Table Of Contents
1. Tech and the intellectual trap in 2018
Apparently, the backlash against large tech companies will intensify in 2018. A lot of those people who have led the charge against, as an instance, Google and Facebook, are publishers with a compelling business incentive to do so since those two businesses are carrying their advertising bucks. That isn’t to invalidate the tales, naturally.
However, if they continue then so, too, will the entrapment of the whole discussion in a speech and intellectual prism that’s out of date. Each of the requirements for regulation and social management of those businesses is happening within a frame for networking – if legal, social, or ethical – that is just not acceptable for all these businesses.
For example, the tired debate about if they’re publishers or platforms need to proceed to some sober endorsement they’re new sorts of businesses, with enormous variations between them, which have attributes of both publishers and platforms.
I will attempt to do my bit about this. However, I guess technician will stay trapped in a dialogue that has not kept pace with the times.
2. Advertising will continue to fold into just two companies
Estimates for the percentage of electronic advertising dollars consumed by Facebook and Google vary, but it’s growing sharply isn’t in any doubt. On current trends, it is entirely possible that by the end of 2018, 90 percent of new digital advertising spend in the US belongs to those two giants.
Can you imagine what that means for your marketing business, which employs millions of people, many hugely inventive? In many cases, it means a P45. Apparently, there has, historically, been a demand for agencies to inform customers (i.e., wealthy brands) in which to spend their cash, and the best way to convey that message by crafting a more savvy effort.
More importantly, however, the first half of the equation is becoming more comfortable, as you just spend your promotion cash with Google and Facebook. This can drive innovation: you might have noticed the commercials on your Facebook news feed are eerily educated on your correspondence with family and friends, your general interests, and even recent holidays.
And yet, for all this, these organizations are often far from transparent about just who is consuming where and content.
2018, such as 2017, will be a very tricky year for several chief marketing officers at large companies, and for many advertisers complete stop.
3. TV will bifurcate
Television is dividing into 2, between luxury entertainment with significant production values, which range from glamorous dramas to documentaries and boxset comedies, on the one hand, and dwell, event-based news and game on the opposite.
I have been told by someone older on Planet Murdoch that why Rupert decided to sell the majority of his entertainment interests to Disney is since he could observe this bifurcation happening, and he realized that to compete at the amusement game you need massive scale and as direct a route to customers as you can.
Even he, the supreme media mogul, can’t compete with the likes of Netflix, Amazon, and Disney as it comes to entertainment. Therefore he’s focusing on what he knows, which is news and sport.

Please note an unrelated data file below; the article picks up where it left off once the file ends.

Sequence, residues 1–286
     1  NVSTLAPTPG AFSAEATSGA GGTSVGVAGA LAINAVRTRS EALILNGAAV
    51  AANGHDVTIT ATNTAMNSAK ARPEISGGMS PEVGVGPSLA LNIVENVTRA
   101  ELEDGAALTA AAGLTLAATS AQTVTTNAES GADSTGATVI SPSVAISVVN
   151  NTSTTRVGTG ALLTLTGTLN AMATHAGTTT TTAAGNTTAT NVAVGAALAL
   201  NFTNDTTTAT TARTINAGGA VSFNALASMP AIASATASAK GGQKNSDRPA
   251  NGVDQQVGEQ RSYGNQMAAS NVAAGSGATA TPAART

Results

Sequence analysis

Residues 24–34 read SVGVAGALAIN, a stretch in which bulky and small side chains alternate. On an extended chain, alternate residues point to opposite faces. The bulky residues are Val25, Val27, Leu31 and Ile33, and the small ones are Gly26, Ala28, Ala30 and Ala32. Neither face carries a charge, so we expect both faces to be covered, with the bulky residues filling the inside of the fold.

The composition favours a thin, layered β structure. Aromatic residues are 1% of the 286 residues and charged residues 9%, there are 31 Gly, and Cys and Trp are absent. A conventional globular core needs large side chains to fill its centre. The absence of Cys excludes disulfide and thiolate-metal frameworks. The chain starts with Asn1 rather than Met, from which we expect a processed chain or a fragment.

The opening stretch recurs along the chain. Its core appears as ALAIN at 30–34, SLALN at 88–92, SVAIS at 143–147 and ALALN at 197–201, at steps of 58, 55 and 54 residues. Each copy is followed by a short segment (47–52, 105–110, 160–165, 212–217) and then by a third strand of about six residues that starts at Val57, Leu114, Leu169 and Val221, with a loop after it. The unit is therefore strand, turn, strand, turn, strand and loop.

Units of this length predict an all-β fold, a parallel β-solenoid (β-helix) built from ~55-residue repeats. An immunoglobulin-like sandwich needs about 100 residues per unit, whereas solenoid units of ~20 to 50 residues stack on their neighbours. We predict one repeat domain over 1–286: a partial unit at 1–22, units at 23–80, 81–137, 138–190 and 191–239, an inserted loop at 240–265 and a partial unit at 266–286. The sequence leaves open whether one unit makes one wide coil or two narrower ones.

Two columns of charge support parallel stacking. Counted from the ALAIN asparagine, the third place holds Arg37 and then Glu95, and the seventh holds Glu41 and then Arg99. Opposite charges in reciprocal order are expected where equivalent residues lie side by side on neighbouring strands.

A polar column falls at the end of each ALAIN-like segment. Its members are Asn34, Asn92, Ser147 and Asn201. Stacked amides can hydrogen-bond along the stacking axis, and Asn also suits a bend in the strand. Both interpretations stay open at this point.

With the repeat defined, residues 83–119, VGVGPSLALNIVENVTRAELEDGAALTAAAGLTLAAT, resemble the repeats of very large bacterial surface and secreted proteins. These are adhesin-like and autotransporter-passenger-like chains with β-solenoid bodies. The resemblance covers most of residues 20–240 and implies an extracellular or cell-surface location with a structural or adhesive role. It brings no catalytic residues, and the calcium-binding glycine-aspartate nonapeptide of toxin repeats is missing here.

This is precisely what he meant when he said the deal with Disney means he is “pivoting in a pivotal time.”
This bifurcation does rather beg the question of what role all the stuff in the middle – this reduced production worth shows, broadcast on TV stations which are a middleman between viewer and programme – will play. If demand from audiences for such shows begins to dry up, the whole business will face upheaval.
4. Streaming will continue to make the internet, not television sets, the home of broadcast
The bifurcation of TV and the push toward scale are driven by tech. Not, that is, only from the arrival of enormous new tech players into the broadcast match; more from the capability of streaming services to broadcast direct to customers through the internet and, particularly, their smartphones. This cuts out those middle guys called TV stations.
In the US, a massive library of streaming services – Hulu, Amazon Prime, YouTube, HBO, Showtime, Starz and many others, long before you get to Netflix – are on offer to consumers, and in 2018 many more UK customers will pay for the liberty and choice they attract.
Two consequences follow: first, a generational divide in ingestion, where mature viewers continue to watch television sets and permit schedulers to ascertain their viewing habits; and instant, a dawning realisation among British TV executives, faithfully late to the match, that the idea of stations and programs is becoming obsolete for millions of the most addicted audiences.
It takes several years, possibly even decades, but the current trends in media suggest that TV channels will end up concentrated on people live events – sport and news – that Rupert Murdoch says he wants to concentrate on.
5. Some hard evidence on fake news at last
I’ve often explained on this blog why I’m cautious and sceptical about the fake news happening, and won’t repeat these arguments. In 2018, however, we should get a much more tangible sense of exactly how large a threat fake news is.
In the US, Robert Mueller’s research into connections between Trump and Russia may cast fresh light on the usage of bots by those around Vladimir Putin. And in Britain, it’d be reasonable to anticipate – not least after a tense meeting between Boris Johnson and his Russian counterpart last week – to the Prime Minister to put some flesh to the bones of her assertion that Russia is interfering with democratic politics in the UK.
Nevertheless, every single time you hear a journalist at what some call the mainstream media bewailing fake news, recall they have an incentive to do so.